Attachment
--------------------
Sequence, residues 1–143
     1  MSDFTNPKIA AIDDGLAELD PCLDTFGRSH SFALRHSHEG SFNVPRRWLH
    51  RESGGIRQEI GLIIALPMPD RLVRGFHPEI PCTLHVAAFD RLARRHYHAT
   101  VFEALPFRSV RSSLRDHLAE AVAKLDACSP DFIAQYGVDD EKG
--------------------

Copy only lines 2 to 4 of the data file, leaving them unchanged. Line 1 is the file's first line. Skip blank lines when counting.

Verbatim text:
     1  MSDFTNPKIA AIDDGLAELD PCLDTFGRSH SFALRHSHEG SFNVPRRWLH
    51  RESGGIRQEI GLIIALPMPD RLVRGFHPEI PCTLHVAAFD RLARRHYHAT
   101  VFEALPFRSV RSSLRDHLAE AVAKLDACSP DFIAQYGVDD EKG